- Views & Opinions
Today is Wednesday, Dec. 10, the 344th day of 2014. There are 21 days left in the year.
Highlights in history on this date:
1520 – Martin Luther publicly burns the papal edict demanding that he recant or face excommunication from the Roman Catholic Church.
1719 – The first recorded sighting of the Aurora Borealis takes place in New England.
1810 – Napoleon Bonaparte annexes northern Hanover, Bremen, Hamburg, Lauenburg and Lubeck, Germany.
1898 – The Treaty of Paris between United States and Spain ends the Spanish-American War with Spain ceding Cuba, Puerto Rico, Guam and the Philippines to the United States for $20 million.
1899 – British forces are defeated by the Boers at Stromberg, South Africa.
1906 – U.S. President Theodore Roosevelt becomes the first American to be awarded the Nobel Peace Prize, for helping mediate an end to the Russo-Japanese War.
1931 – Social worker and pacifist Jane Addams becomes a co-recipient of the Nobel Peace Prize, the first American woman so honored.
1936 – King Edward VIII of Britain abdicates with the intention of marrying American divorcee Wallis Simpson. His brother, the Duke of York, becomes King George VI.
1948 – U.N. General Assembly in Paris unanimously adopts the Universal Declaration of Human Rights. Six members of the Soviet bloc, Saudi Arabia and South Africa abstain.
1950 – U.N. Mideast peace mediator Ralph J. Bunche is presented the Nobel Peace Prize, the first black American to receive the award.
1958 – The first domestic passenger jet flight takes place in the United States as a National Airlines Boeing 707 flies 111 passengers from New York City to Miami.
1963 – Zanzibar becomes independent within the Commonwealth.
1964 – Dr. Martin Luther King Jr. receives the Nobel Peace Prize.
1967 – World’s first commercial thermonuclear blast takes place in the U.S. state of New Mexico, to give access to natural gas from underground deposits.
1973 – Austria closes its transit center for Jews leaving the Soviet Union.
1976 – In Lebanon, a truce accord ends fighting between Muslims and Christians in the south, clashes among Palestinian factions, heightened tensions among rival Christian parties and a Syrian crackdown against the Lebanese press.
1980 – Milton Obote is sworn in as Uganda’s president, becoming the first African president ousted in a military coup to recapture the presidency. He was ousted by the army for the second time in 1985.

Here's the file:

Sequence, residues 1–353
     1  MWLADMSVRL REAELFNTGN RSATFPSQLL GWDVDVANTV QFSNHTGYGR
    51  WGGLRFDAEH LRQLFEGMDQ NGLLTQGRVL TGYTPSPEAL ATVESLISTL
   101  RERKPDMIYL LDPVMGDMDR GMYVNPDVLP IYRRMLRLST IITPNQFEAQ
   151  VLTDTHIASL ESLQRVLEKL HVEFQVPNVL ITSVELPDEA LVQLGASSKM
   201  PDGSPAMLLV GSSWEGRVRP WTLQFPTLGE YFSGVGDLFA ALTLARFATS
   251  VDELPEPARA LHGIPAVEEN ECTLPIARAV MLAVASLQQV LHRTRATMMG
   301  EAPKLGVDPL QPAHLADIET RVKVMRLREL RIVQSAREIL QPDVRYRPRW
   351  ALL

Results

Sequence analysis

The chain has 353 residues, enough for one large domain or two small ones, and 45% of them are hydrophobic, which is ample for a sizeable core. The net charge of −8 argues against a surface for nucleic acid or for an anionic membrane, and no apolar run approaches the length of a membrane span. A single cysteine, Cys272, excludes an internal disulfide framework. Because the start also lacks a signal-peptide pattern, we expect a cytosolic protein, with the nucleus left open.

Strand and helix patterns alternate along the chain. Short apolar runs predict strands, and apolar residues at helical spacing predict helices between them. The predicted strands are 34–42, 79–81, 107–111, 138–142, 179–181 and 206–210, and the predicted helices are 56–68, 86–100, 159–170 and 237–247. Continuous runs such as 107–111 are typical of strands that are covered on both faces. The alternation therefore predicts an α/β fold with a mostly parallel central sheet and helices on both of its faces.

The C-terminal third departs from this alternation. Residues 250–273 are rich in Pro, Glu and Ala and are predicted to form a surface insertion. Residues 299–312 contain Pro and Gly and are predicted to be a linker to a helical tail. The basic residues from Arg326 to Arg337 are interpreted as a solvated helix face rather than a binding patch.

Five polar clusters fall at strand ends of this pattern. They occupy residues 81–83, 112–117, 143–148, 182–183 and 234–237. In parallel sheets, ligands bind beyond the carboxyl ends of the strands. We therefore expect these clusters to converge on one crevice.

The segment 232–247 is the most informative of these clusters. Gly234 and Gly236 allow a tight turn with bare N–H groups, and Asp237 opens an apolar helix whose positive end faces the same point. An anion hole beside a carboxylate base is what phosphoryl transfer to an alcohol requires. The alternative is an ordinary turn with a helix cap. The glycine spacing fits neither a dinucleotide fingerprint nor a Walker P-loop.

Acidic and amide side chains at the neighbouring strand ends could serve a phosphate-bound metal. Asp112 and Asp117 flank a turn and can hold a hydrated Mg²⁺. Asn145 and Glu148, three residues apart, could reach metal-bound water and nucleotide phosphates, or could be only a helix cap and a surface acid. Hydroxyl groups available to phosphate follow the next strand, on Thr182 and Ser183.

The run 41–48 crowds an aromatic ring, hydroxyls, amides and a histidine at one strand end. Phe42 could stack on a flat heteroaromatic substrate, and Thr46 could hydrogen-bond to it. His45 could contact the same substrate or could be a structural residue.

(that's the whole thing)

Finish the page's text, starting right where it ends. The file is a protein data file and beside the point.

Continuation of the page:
1983 – Democracy returns after seven years of dictatorship in Argentina, as Raul Alfonsin is sworn in as president.
1988 – Chinese troops shoot into crowds of Tibetans demonstrating in Lhasa for human rights.
1991 – Yugoslav federal army pulls out of Zagreb, and Croatia and Serbia exchange hundreds of prisoners, but fighting continues elsewhere in Croatia.
1992 – Troops open fire on a truckload of Somalis who barrel through a French checkpoint, killing two and injuring seven in the first bloodshed of the U.S.-led military mission in Somalia.
1993 – African National Congress leader Nelson Mandela says he and President F. W. de Klerk are bound by the Nobel Peace Prize they accepted to spend the rest of their lives building a democratic, nonracial South Africa.
1994 – Leaders of the Western Hemisphere’s 34 democracies pledge to negotiate the world’s largest duty-free trade zone by 2005; South African President Nelson Mandela signs a constitution guaranteeing equal rights to all races.
1997 – Palestinians begin their first census in the West Bank and Gaza Strip, and are attacked by Israeli Prime Minister Benjamin Netanyahu for violating Israeli sovereignty in East Jerusalem.
2001 – U.S. authorities charge a California bus company with illegally transporting tens of thousands of undocumented immigrants smuggled across the U.S.-Mexico border.
2006 – Hundreds of thousands of Hezbollah members and their allies flood central Beirut, demanding changes in the Lebanese government’s makeup as soldiers strengthen protection around the offices of the Western-backed premier.
2007 – Cristina Fernandez is sworn in as Argentina’s first elected female president.
2008 – Britain’s obsession with reality television reaches new heights with the broadcast of the assisted suicide of a 59-year-old terminally ill American at a Swiss clinic.
2009 – President Barack Obama accepts the Nobel Peace Prize, offering a striking defense of war at the same time as he makes an impassioned case for building a “just and lasting peace.”
2010 – The eccentric leader of the brutal La Familia drug cartel is believed to have been killed in a shootout during two days of fighting between federal police and gunmen that terrified civilians across a western Mexican state.
2011 – Tens of thousands of people hold the largest anti-government protests that post-Soviet Russia has ever seen to criticize electoral fraud and demand an end to Vladimir Putin’s rule.
2012 – Israeli Prime Minister Benjamin Netanyahu accuses the international community of “deafening silence” in response to recent vows by the head of the militant group Hamas to fight on until the Jewish state is destroyed.
2013 – President Barack Obama energizes tens of thousands of spectators and nearly 100 visiting heads of state at a memorial service in Johannesburg with a plea for the world to emulate Nelson Mandela, “the last great liberator of the 20th century” in a eulogy for the prisoner who became peacemaker.
Ada King Lovelace, English mathematician and world’s first computer programmer (1815-1852); Cesar Franck, Belgian composer (1822-1890); Emily Dickinson, U.S. poet (1830-1886); Melvil Dewey, U.S. librarian/inventor of the Dewey Decimal System (1851-1931); Mary Norton, English children’s author (1903-1992); Susan Dey, U.S. actress (1952–); Kenneth Branagh, British actor (1960–).
Thought For Today:
I dislike arguments of any kind. They are always vulgar, and often convincing — Oscar Wilde, Irish poet, dramatist, author (1856-1900).